Just hours before he publicly responded last week to the Senate Intelligence Committee report accusing the Central Intelligence Agency of torture and deceit, John O. Brennan, the CIA’s director, stopped by the White House to meet with President Obama.
Ostensibly, he was there for an intelligence briefing. But the messages delivered later that day by the White House and Brennan were synchronized, even down to similar wording, and the larger import of the well-timed visit was hardly a classified secret: After six years of partnership, the president was standing by the embattled spy chief even as fellow Democrats called for his resignation.
Brennan, 59, who spent much of his career as an Arabic-speaking CIA officer, has been a central figure in Mr. Obama’s world since the beginning of his presidency.
Irritated advisers to Obama believe Brennan made a bad situation worse by battling Democrats on the committee over the torture report during the past year. Some who considered Brennan the president’s heat shield against the agency when he worked in the White House now worry that since being appointed director, he has “gone native,” as they put it.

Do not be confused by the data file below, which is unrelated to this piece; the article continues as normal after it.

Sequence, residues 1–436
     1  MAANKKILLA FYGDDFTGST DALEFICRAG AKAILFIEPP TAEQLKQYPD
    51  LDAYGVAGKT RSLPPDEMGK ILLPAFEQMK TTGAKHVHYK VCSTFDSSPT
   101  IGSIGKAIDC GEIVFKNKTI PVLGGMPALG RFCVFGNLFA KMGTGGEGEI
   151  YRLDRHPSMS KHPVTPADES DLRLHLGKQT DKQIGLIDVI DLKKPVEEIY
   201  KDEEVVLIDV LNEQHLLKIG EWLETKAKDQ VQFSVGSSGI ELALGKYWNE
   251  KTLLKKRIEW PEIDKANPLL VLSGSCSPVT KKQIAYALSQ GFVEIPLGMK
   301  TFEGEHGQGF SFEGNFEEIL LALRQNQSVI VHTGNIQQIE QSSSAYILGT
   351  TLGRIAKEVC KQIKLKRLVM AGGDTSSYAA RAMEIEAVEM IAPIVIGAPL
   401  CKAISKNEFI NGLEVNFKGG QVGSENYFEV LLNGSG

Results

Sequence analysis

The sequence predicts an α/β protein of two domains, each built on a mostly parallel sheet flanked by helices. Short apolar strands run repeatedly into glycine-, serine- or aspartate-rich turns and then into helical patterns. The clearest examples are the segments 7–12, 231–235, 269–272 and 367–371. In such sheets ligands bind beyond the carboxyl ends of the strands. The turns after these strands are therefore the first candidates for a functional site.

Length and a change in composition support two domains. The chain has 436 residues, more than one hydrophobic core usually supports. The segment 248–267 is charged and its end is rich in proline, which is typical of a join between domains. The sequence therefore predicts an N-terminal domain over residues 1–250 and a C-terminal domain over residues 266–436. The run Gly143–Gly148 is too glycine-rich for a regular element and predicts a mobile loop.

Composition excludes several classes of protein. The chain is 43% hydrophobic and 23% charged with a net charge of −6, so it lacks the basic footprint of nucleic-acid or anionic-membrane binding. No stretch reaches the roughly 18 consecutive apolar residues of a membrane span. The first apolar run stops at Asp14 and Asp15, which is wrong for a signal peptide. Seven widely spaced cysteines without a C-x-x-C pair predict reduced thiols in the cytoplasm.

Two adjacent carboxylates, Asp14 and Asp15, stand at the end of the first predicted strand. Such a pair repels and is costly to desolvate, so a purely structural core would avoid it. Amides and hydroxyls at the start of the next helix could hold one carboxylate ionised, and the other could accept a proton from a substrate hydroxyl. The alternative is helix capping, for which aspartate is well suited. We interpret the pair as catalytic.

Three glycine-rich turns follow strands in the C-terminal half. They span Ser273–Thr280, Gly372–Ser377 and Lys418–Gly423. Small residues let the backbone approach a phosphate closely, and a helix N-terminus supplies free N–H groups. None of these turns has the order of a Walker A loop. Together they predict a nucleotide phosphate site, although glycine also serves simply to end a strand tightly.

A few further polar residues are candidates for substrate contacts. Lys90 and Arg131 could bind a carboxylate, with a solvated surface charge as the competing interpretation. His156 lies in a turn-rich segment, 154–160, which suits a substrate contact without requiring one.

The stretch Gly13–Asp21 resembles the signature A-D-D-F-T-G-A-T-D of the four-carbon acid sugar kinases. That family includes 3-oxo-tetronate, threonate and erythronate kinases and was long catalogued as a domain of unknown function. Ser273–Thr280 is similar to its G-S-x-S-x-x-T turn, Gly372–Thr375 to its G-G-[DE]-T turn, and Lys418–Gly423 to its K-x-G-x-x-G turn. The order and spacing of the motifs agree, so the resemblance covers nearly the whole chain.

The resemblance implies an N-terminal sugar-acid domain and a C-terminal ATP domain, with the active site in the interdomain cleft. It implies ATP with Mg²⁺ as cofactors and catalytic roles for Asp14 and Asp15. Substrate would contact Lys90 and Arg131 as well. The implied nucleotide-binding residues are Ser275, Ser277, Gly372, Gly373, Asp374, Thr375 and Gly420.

Several Obama advisers said privately that Brennan made a mistake by letting the situation grow so toxic.
But in the 67 years since the CIA was founded, few presidents have had as close a bond with their intelligence chiefs as Obama has forged with Brennan. It is a relationship that has shaped the policy and politics of the debate over the nation’s war with terrorist organizations, as well as the agency’s own struggle to balance security and liberty.
And the result is a president who denounces torture but not the people accused of inflicting it.
“He was a pretty good analyst. He was a bright guy,” said a former CIA officer of Brennan. “But he always had a reputation of sucking up to power and moving in the direction of power and not being able to exercise any independence.”
Brennan managed “kill lists” for drone strikes and could order air attacks in Yemen without getting further approval from the president. “Brennan’s control over his area was as complete as anyone’s control over anything in the White House,” another former senior official said.
He came to be identified with the escalation of America’s secret war in Yemen and the successful raid that killed Osama bin Laden, but he was also an ally of those resisting more hawkish policies in Afghanistan and Libya, and advocated freeing wrongly held detainees at Guantánamo.
Last week Brennan became the agency’s prime defender, much to the chagrin of some of the president’s allies.